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Real heroes don’t seek the spotlight

Remember the loved ones on 9/11

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Editor’s Note: Opera singer Helen Todd, a Watseka, Illinois, native, was in New York on 9/11. She called her hometown paper, the Iroquois Times Republic, at that time a five-day daily, shortly after the terrorist attacks and shared an emotional testimony with her fellow Watsekans. A classmate of hers, John Whitman, who worked at the Empire State Building, was also in town that day. The Times Republic published both Todd’s and Whitman’s accounts of 9/11 in the Sept. 28, 2001, edition. On the occasion of the 20th anniversary, the paper reached out to both for further insights. We are republishing Todd’s original piece as well as her present reflection. Together, the two pieces create a historical record of a midwesterner who witnessed a defining moment in American history through the sensibilities of an aspiring young woman who went to the Big Apple in pursuit of her career, and two decades later, took a moment to contemplate the aftermath of the tragedy and its long-lasting impact.

Helen Todd

Helen Todd, a Watseka, Illinois-born opera singer, witnessed firsthand the terror of 9/11. On the 20th anniversary of the attacks, she wrote a reflection for her hometown paper, just like she had done shortly after the attacks. In this recent photo, she is pictured with her husband, Daren Stahl, and their two daughters, Isabella and Julianna.

It is hard to believe that 20 years has passed since the terrorist attack on Sept. 11, 2001. When this anniversary occurs each year, I try not to watch TV.

When people or newscasts post footage from that day of burning buildings, it takes me directly back to that day in New York City and still fills me with fear. When I see the footage, I think of the mothers and fathers who died in those buildings and the footage to me is an active record of their death.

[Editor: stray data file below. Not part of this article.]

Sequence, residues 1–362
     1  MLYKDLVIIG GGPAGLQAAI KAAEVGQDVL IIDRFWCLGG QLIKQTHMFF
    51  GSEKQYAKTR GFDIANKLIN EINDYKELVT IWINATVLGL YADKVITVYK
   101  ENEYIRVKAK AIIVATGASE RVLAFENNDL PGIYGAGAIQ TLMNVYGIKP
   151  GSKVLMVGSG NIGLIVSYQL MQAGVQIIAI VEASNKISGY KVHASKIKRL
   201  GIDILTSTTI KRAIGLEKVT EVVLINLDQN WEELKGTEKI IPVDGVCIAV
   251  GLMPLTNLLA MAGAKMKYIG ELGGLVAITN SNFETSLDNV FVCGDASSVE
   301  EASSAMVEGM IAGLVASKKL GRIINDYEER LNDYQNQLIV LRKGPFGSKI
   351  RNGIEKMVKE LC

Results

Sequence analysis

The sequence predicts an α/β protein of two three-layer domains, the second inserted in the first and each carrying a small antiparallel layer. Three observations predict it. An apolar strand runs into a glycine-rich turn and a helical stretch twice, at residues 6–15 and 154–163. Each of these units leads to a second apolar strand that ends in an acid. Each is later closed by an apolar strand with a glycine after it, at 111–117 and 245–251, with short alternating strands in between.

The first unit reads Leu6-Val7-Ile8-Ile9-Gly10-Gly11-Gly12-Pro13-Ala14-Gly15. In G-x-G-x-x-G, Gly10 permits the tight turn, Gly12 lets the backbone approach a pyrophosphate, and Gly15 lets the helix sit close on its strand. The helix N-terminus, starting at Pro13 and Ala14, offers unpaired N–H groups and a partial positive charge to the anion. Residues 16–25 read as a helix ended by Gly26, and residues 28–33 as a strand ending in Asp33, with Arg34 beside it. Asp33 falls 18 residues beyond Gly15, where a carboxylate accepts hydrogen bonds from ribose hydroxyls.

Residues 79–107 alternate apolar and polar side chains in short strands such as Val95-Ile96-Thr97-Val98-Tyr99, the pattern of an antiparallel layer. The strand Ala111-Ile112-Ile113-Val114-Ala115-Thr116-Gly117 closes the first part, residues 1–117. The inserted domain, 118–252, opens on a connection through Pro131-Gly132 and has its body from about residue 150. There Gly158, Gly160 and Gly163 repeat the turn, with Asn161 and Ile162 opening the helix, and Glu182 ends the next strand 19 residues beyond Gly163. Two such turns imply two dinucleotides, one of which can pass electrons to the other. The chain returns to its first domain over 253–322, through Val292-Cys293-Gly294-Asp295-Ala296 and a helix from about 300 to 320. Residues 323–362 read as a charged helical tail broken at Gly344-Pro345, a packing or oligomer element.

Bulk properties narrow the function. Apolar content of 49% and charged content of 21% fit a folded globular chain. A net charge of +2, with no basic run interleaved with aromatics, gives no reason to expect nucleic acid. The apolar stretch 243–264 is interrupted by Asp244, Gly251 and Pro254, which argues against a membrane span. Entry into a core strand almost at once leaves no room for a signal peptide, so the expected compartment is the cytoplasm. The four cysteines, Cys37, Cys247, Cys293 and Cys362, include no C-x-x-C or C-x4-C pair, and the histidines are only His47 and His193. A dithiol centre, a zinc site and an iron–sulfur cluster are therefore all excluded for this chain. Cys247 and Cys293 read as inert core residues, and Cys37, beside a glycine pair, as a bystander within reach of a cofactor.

I had hoped that years later the world would have respect for those people who died and that this footage would not be shown as it further traumatizes their family members to see each year.

Instead, I wish they would talk to those who lost loved ones and ask them who they were and what they meant to them.

That is the kind of remembrance that we should all do on 9/11. Remember the incredible and the simple lives of the people who died on that day, NOT of the final terrorizing moments they spent on earth.

Even though I did not have a family member in one of the towers that fell, I was in NYC to sing at Lincoln Center and I feared that the city would be bombed and I would not see my husband and family again.

It took many hours before I heard their voices on the other end of the line as helicopters and planes flew over Manhattan. The anguish of New York City will never leave me and the heroism of New York’s FDNY and police will be with me forever as they were the only trucks on the streets.

The rest of the world watched the pain on the news.

But I was in NYC and felt the pain and saw the pictures posted to fences and poles all through Manhattan.

New York City was a loving place after 9/11 and it reminded me of what happens when unimaginable tragedy brings people together.

This feeling lasted a few months in America but unfortunately for all of us, it did not hold forever.

Tragedy either brings you closer or pushes you further apart.

I pray that this year as we look back at 9/11, we pause for a moment to find the ways we can come closer together.

Our world desperately needs us to do this. Life is an incredibly delicate and fragile gift.

I learned from 9/11 that tragedy can be an opportunity to heal each other.

I learned that unless you see the pain you might not understand how deep the pain goes.

And I learned that real heroes are the ones who don’t have the spotlight. I strive to be one of those.